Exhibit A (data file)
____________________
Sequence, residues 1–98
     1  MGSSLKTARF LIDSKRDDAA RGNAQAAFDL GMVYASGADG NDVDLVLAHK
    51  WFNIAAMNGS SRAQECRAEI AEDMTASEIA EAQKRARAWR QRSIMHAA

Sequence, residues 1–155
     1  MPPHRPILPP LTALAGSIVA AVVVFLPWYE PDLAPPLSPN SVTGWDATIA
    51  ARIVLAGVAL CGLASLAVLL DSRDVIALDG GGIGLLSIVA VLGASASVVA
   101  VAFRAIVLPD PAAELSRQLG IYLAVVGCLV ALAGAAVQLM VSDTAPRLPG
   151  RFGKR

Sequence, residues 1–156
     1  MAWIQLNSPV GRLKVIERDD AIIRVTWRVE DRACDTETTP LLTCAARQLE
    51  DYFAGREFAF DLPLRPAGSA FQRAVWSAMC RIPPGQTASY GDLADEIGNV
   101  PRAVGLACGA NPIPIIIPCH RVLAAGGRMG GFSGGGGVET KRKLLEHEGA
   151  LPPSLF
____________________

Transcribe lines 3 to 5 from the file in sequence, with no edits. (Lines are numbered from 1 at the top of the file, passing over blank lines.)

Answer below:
    51  WFNIAAMNGS SRAQECRAEI AEDMTASEIA EAQKRARAWR QRSIMHAA

Sequence, residues 1–155
     1  MPPHRPILPP LTALAGSIVA AVVVFLPWYE PDLAPPLSPN SVTGWDATIA